Freelance writing is the dream way to make money for anyone with a passion for the written word. You can do something you enjoy while working from anywhere, at any time of the day, fitting it in with your studies, work schedule or home life. If you know what you’re doing, it can also be a well-paid venture to bring in some nice money on the side or even act as your main source of income. Freelancing in general is one of the top business opportunities to try in 2020.
After four years of being a self-employed freelance writer, I have been able to travel the world while meeting my deadlines and opened up door after door of career opportunities. All while being very kind to my bank account. If you’re also keen to get some extra cash while pursuing your vision as a writer, here are some tips I learned from my experience.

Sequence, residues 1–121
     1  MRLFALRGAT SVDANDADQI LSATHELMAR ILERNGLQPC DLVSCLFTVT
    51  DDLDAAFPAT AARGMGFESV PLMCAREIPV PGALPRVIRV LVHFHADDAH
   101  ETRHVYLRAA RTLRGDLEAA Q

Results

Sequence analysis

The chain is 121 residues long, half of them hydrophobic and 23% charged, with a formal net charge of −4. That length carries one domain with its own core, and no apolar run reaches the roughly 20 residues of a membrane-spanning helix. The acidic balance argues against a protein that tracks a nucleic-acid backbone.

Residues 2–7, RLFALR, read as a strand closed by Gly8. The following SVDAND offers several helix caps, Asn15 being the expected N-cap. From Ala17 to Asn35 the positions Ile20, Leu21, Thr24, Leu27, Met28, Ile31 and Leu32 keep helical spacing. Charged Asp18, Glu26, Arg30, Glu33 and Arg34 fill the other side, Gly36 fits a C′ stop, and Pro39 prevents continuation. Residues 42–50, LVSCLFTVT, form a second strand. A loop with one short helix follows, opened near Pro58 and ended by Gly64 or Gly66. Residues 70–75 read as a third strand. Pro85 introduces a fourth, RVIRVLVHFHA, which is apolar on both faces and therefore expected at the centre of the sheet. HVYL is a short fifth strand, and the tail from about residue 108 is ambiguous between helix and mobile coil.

Don’t Rely On Bid Sites
These platforms are made to connect businesses with freelance writers, whether they need press releases, product descriptions, website content or entire brand identities conjuring up. In theory they are a good way to get started on the freelancer bandwagon, but the sheer quantity of writing contributors on sites such as Upwork and Fiverr has created rates so competitive that it’s almost not worth competing. If you are happy to earn a few dollars per piece just to give your portfolio a boost these sites may do the trick, but don’t rely on them for making any steady income. It’s worth noting that the biggest problem businesses have with freelancers here is effective communication, so if you do make a profile be sure to emphasise your language proficiency and outline a delivery strategy that includes regular updates to your clients.
Focus On Blog Writing